As always, if you have any questions pertaining to your presentation or the conference in general, please feel free to contact us: For sessions,; for workshops,

This may not have emerged as such an issue except that sharing the goings-on at NECC last year via Skype, and since then the advent of USTREAM and other sharing technologies and their use at conferences since have whetted the ed-tech worlds appetite (for good reason) for quickly having access to the learning and conversations – formal and informal – that come out of a conference like NECC.

The other disconnect here is that unfettered access to information and tools on the net is supposedly  one of the goals of ISTE … it’s definitely  a goal of every ed-tech proponent I know. So this does seem like a step backward. I suspect that no one made a decision not to attend NECC this year because others would Skype and Ustream sessions. However, it sure seems that the sharing that happened last year, mostly via Skype and podcasts, probably was an incentive to many to take the plunge and experience NECC live. If this was done because those in charge are afraid that sharing over the net will cut attendance I feel they made a huge mistake …  a bad call.

I have seen some commentary that perhaps this is about ISTE covering its behind against suits over copyrighted material and they put this out there to look tough, but will really just “not notice” what may go on otherwise.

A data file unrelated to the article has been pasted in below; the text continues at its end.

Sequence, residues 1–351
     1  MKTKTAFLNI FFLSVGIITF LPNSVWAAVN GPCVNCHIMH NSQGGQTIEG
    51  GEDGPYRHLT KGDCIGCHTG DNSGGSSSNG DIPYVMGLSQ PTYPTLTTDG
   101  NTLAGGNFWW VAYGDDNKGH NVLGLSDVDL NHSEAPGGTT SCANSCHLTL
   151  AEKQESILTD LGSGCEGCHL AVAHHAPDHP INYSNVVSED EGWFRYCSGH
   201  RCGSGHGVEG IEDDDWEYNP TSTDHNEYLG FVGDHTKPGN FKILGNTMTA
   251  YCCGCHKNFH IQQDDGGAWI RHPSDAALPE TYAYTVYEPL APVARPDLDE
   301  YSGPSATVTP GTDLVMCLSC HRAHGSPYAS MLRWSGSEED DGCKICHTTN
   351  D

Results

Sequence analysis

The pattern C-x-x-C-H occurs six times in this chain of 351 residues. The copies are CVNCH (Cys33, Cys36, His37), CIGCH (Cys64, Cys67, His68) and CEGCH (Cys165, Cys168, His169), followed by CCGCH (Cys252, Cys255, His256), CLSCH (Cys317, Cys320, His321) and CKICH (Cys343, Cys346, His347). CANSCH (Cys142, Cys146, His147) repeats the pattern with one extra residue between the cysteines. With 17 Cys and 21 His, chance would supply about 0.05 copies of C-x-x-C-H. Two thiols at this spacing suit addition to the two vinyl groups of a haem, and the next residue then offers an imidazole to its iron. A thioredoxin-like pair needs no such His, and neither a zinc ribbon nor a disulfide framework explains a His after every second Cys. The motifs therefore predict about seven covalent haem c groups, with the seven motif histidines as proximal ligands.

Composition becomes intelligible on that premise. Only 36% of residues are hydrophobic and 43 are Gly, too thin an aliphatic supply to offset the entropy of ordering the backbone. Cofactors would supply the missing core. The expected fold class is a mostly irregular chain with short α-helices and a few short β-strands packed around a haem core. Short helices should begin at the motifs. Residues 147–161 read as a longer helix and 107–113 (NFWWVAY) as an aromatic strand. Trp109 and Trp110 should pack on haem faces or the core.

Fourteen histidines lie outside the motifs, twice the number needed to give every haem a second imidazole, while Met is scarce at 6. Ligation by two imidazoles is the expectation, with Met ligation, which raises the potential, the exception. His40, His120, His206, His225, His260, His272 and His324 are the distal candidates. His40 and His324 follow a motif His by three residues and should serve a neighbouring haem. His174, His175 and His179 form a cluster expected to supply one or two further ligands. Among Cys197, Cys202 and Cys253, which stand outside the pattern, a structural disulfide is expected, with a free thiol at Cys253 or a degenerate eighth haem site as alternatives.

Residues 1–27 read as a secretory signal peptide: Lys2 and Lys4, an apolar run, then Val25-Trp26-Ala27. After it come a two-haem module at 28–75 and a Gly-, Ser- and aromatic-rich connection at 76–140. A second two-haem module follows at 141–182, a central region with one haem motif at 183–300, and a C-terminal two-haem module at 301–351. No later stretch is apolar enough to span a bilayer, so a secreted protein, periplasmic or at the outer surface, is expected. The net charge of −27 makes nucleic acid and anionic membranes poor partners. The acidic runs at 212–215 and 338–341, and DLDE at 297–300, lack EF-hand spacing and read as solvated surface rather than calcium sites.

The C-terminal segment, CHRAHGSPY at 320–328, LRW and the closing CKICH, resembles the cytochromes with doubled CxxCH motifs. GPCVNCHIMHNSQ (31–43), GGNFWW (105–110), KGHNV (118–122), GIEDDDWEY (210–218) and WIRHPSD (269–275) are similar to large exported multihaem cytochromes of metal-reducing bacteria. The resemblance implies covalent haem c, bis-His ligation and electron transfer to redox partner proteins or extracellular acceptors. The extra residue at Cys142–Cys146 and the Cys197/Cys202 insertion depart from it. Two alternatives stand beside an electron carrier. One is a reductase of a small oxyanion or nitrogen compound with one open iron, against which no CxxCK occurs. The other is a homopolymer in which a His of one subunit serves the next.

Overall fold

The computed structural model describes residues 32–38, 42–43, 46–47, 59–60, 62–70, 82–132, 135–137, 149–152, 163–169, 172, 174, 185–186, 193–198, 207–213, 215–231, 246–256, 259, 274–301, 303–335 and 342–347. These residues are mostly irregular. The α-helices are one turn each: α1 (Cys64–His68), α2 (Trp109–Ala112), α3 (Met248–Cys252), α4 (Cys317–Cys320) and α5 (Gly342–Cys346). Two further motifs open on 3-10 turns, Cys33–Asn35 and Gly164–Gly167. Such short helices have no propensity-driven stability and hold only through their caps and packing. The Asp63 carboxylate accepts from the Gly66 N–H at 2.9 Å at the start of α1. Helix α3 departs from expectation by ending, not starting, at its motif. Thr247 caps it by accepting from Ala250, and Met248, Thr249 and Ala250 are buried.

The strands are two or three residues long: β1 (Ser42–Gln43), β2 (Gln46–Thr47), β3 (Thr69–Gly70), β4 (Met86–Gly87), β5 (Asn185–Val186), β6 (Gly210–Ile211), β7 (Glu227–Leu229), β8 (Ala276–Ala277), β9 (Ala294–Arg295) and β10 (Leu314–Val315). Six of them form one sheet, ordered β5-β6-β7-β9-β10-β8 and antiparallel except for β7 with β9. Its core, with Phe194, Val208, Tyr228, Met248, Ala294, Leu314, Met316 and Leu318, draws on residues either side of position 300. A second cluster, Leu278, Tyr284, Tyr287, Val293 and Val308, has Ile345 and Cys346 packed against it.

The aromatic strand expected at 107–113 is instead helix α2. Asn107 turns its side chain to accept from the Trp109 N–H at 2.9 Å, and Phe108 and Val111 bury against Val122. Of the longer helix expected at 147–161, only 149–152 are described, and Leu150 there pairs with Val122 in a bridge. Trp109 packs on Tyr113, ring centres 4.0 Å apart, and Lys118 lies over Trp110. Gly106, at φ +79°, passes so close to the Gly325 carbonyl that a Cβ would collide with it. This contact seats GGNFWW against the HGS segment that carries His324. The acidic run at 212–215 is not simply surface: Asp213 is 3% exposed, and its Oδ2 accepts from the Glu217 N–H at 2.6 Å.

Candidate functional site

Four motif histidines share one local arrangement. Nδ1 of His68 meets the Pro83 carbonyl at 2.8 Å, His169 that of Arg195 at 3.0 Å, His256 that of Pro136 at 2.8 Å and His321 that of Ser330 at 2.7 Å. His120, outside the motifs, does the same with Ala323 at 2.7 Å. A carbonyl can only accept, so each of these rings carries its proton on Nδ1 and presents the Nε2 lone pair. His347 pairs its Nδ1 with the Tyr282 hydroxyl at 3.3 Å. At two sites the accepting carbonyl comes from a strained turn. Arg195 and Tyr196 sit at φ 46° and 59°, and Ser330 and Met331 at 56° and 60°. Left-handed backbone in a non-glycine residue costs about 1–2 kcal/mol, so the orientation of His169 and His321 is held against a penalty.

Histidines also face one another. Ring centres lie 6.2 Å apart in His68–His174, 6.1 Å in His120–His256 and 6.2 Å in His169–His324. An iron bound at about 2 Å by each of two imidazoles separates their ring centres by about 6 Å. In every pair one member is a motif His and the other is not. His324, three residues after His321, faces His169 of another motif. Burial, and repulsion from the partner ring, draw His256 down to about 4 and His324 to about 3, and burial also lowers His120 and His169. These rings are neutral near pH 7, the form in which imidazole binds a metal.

Some have started email campaigns and other forms of protest, it will be interesting if ISTE comments anytime soon, before NECC 2008 commences.

Another example of messy learning!

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4 Responses to ISTE Video/Audio Capture Policy At NECC 2008 – A Step Backwards, Or No Big Deal?

  1. I think this is a completely non-issue. Any organisation needs to cover their backs about copyright issues. I think the mistake ISTE has made is going for an opt-in approach rather than an opt-out approach. What I mean by that is that whenever I have organised conferences in the UK, I have told presenters and delegates that podcasting and taking pics is OK unless someone, eg a presenter, specifically says they do not wish it to happen.

  2. The reason, as best I can tell, isn’t copyright or “CYA.” The reality is controlling revenue streams and ensuring that NECC is the sole provider of content for the NECC2008 conference. And, that’s just wrong.

    Read other opinions:

  3. Julia Osteen says:

    It seems to me that ISTE is falling into the same trap that the music industry is experiencing now. Maybe ISTE should take a lesson from what’s going on in the music industry!

  4. What I find most ironic about this is that last fall, all 4 authors of “Using Tech with Classroom Instruction that Works” had our NECC proposals rejected for instructional strategies & technology, yet they accepted another’s Marzano & Web 2.0 proposal. (No offense to Stephanie Standifer….I know she’ll do a great job.) We didn’t make the “Intellectual Property” war-cry because we, too, believe in the openness of learning. So we let it pass and looked on to other conferences.

    This is an interesting twist and I’m curious to see how it plays out at the conference.